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Very low birthweight is a term used to describe babies who are born weighing less than 1,500 grams (3 pounds, 4 ounces). Only a few babies, 1.5 percent, are born this tiny. However, the overall rate of very low birthweight babies in the US is increasing. This is primarily due to the greater numbers of multiple birth babies who are more likely to be born early and weigh less.
Babies with very low birthweight look much smaller than other babies of normal birthweight. A very low birthweight baby's head appears to be bigger than the rest of the body and he/she often looks extremely thin, with little body fat. The skin is often quite transparent, allowing the blood vessels to be easily seen.
Consider the latest available statistics from the National Center for Health Statistics:
|Birthweight||Percentage of Total Births|
|less than 2,500 grams||7.7 percent|
|2,000 to 2,499 grams||4.7 percent|
|1,500 to 1,999 grams||1.5 percent|
|1,000 to 1,499 grams||.7 percent|
|500 to 999 grams||.5 percent|
|less than 500 grams||.1 percent|
The primary cause of very low birthweight is premature birth (born before 37 weeks gestation). Very low birthweight babies are often born before 30 weeks of pregnancy. Being born early means a baby has less time in the mother's uterus to grow and gain weight. Much of a baby's weight is gained during the latter part of pregnancy.
Another cause of very low birthweight is intrauterine growth restriction (IUGR). This is when a baby does not grow well during pregnancy because of problems with the placenta, the mother's health, or birth defects. Most very low birthweight babies who have IUGR are also born early, and are both very small and physically immature.
Any baby born prematurely is more likely to be very small. However, there are other factors that can also contribute to the risk of very low birthweight. These include:
A baby with very low birthweight is often at increased risk for complications. The baby's tiny body is not as strong and he/she may have a harder time eating, gaining weight, and fighting infection. Because they have so little body fat, very low birthweight babies often have difficulty staying warm in normal temperatures.
Because many babies with very low birthweight are also premature, it can be difficult to separate the problems due to the prematurity from the problems of just being so tiny. In general, the lower the baby's birthweight the greater the risks for complications. The following are some of the common problems of very low birthweight babies:
Nearly all very low birthweight babies need specialized care in the Neonatal Intensive Care Unit (NICU) until they can gain weight and are well enough to go home.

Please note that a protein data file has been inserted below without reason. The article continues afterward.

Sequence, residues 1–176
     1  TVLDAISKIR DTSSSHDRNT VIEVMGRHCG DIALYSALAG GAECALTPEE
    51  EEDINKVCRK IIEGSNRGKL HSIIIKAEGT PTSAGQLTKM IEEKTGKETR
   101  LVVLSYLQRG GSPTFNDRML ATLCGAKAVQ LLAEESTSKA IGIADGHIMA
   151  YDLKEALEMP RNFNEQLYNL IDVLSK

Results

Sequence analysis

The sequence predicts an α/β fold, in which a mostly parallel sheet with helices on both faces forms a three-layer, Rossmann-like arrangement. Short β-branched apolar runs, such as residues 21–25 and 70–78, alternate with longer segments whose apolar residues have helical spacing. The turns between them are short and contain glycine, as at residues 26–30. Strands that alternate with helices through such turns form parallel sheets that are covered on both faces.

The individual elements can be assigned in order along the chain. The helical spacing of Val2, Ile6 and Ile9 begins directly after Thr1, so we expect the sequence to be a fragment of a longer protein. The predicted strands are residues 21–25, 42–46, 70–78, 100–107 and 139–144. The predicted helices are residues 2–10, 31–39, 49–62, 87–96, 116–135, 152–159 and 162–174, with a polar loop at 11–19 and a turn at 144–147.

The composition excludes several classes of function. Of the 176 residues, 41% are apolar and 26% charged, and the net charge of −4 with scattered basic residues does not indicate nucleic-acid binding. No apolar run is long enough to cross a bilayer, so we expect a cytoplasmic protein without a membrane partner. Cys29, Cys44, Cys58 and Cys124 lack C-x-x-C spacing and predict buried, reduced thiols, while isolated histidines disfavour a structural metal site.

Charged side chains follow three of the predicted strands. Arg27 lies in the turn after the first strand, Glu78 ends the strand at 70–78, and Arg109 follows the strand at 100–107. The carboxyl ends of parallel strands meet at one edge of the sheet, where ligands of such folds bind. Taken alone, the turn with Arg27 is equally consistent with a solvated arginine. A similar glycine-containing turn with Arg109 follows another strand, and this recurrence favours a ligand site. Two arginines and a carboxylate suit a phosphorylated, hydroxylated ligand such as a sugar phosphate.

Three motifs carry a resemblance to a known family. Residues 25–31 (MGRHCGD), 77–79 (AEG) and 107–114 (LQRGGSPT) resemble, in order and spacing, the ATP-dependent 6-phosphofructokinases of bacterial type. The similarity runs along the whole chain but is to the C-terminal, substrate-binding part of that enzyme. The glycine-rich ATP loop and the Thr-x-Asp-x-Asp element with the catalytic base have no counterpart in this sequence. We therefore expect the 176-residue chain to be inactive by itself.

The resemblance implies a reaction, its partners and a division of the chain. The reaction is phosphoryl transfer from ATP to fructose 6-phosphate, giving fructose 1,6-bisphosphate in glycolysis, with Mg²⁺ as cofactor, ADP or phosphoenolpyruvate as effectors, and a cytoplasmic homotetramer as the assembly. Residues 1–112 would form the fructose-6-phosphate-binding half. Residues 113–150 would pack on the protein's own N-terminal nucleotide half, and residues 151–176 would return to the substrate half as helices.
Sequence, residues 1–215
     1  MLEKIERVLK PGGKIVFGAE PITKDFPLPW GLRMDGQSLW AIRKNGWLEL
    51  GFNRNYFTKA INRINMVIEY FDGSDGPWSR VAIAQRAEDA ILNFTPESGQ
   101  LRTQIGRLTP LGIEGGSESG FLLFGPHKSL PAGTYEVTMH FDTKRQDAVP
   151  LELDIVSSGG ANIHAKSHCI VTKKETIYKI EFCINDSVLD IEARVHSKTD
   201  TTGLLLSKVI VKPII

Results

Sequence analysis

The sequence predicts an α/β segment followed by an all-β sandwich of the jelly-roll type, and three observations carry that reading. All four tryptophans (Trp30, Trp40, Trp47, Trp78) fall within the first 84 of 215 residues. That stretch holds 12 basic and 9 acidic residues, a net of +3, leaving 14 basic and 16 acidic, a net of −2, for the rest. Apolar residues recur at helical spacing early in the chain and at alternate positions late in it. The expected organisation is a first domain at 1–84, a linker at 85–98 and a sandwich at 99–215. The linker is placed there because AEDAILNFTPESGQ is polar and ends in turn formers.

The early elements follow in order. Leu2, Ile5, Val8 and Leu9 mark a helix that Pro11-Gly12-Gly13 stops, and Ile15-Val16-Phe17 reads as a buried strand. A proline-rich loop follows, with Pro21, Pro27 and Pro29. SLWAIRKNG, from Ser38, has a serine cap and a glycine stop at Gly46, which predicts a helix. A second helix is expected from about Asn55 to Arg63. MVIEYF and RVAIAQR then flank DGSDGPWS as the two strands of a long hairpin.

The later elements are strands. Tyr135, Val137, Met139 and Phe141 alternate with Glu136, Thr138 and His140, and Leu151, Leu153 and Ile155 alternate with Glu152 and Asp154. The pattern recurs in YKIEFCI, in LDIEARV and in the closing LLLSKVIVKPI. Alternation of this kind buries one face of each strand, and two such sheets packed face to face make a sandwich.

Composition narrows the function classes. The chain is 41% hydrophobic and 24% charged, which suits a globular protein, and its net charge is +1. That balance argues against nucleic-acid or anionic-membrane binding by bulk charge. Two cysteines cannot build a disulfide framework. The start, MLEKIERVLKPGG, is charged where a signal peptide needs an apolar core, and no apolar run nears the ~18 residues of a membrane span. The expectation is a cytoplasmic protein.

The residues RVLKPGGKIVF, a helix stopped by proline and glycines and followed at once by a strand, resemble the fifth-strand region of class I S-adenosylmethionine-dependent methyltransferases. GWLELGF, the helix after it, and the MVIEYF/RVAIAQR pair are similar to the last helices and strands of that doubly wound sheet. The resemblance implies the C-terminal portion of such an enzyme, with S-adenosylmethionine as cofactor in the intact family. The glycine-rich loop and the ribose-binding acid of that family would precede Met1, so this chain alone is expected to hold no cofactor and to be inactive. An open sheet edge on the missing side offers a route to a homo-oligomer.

Generally, the smaller the baby, the higher the risk. The survival of these tiny babies is directly related to their weight at birth.
Risks for long-term complications and disability are increased for babies with very low birthweight. Generally, the lower the birthweight, the greater the chances for developing intellectual and neurological problems, which may include the following:
Consult your baby's physician for information about your baby's risks.
During pregnancy, a baby's birthweight can be estimated in different ways. The height of the fundus (the top of a mother's uterus) can be measured from the pubic bone. This measurement in centimeters usually corresponds with the number of weeks of pregnancy after the 20th week. If the measurement is low for the number of weeks, the baby may be smaller than expected. Ultrasound (a test using sound waves to create a picture of internal structures) is a more accurate method of estimating fetal size. Measurements can be taken of the fetus' head and abdomen and compared with a growth chart to estimate fetal weight.
Babies are weighed within the first few hours after birth. The weight is compared with the baby's gestational age and recorded in the medical record. A birthweight less than 2,500 grams (5 pounds, 8 ounces) is diagnosed as low birthweight. Babies weighing less than 1,500 grams (3 pounds, 5 ounces) at birth are considered very low birthweight.
Specific treatment for very low birthweight will be determined by your baby's physician based on:
Care for very low birthweight babies often includes:
Very low birthweight babies may have a harder time "catching up" in physical growth because they often have other complications. Many very low birthweight babies are referred to special follow-up healthcare programs.
Because of the tremendous advances in care of sick and premature babies, more and more babies are surviving despite being born early and being born very small. However, prevention of preterm births is one of the best ways to prevent very low birthweight.
Prenatal care is a key factor in preventing preterm births and very low birthweight babies. At prenatal visits, the health of both mother and fetus can be checked. Because maternal nutrition and weight gain are linked with fetal weight gain and birthweight, eating a healthy diet and gaining the proper amount of weight in pregnancy are essential. Mothers should also avoid alcohol, cigarettes, and illicit drugs, which can contribute to poor fetal growth, among other complications.
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Online Resources of High-Risk Newborn
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